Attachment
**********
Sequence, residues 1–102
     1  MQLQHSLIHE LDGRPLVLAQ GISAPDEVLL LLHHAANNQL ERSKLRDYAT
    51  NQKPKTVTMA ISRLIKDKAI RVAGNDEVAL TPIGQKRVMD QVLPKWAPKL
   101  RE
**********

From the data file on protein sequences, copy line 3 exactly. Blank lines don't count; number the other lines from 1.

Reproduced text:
    51  NQKPKTVTMA ISRLIKDKAI RVAGNDEVAL TPIGQKRVMD QVLPKWAPKL